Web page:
News

A Vision for All to See: A report on global eye health and vision care

MEDIA RELEASE

Today marks World Sight Day, an annual day to focus global attention on blindness and vision impairment. In support of this effort, Brien Holden Vision Institute releases A Vision for All to See: A report on global eye health and vision care, aimed to raise awareness of the impending crisis of myopia and presbyopia and to create a call to action that prioritises this growing issue.

Approximately 640 million people suffer from uncorrected refractive error – the leading and most easily avoidable cause of vision loss. Two of the most rapidly increasing refractive error conditions are myopia (near sightedness or when vision is poor at a distance and better up close) and presbyopia (difficulty for the aging eye to focus up close without additional optical assistance).

In 2010, nearly 1.4 billion people were impacted by myopia worldwide and this number is expected to increase to 2.5 billion by 2020. In Singapore alone, approximately 70% of college graduates have myopia, and in China, studies have shown that as many at 78% of children age 15 have the condition. As a result of the world’s aging population and increased life expectancy, presbyopia is also on the rise. In 2010, the condition affected more than one billion people worldwide and is estimated to grow to 1.5 billion by 2050.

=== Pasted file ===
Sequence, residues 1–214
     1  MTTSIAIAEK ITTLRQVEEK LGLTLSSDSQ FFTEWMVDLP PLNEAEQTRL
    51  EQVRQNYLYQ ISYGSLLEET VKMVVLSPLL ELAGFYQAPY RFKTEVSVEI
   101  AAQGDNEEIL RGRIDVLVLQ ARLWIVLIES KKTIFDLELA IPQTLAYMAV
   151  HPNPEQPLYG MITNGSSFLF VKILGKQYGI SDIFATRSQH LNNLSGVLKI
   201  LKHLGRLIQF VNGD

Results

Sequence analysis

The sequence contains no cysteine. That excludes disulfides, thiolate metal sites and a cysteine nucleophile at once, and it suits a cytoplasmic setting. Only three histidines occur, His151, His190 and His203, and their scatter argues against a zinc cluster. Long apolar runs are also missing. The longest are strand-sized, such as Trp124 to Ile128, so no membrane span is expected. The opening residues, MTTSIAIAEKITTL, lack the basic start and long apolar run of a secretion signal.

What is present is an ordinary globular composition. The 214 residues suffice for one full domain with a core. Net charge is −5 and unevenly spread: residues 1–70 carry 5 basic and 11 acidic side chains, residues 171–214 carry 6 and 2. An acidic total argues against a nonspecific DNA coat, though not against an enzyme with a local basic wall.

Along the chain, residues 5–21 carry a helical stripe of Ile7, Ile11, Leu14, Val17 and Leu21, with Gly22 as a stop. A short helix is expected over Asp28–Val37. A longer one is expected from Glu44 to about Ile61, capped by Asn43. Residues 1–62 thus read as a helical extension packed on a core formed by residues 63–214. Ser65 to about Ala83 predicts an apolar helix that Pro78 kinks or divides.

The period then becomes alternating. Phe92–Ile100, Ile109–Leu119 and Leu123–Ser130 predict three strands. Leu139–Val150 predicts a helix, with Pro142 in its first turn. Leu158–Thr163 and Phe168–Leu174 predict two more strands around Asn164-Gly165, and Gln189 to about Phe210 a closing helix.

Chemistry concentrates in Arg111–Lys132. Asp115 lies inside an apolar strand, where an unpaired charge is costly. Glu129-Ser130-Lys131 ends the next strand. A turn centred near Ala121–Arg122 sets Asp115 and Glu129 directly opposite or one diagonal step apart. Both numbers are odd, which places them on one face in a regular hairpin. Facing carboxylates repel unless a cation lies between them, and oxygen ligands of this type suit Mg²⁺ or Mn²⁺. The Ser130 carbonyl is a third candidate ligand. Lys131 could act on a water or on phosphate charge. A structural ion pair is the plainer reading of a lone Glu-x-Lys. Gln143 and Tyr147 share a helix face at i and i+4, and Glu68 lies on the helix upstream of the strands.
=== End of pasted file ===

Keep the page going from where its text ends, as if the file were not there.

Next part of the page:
“Vision impairment is one of the world’s major causes of loss of wellbeing – ranking just below HIV/AIDS. If left untreated, conditions like myopia and presbyopia can have an immense impact on people’s visual welfare and social well-being, and ultimately, quality of life,” said Professor Brien Holden, world leader in vision science and founder of the Brien Holden Vision Institute. “In addition to the human costs, global lost productivity resulting from vision impairment, specifically uncorrected refractive error, is estimated at US $202 billion.”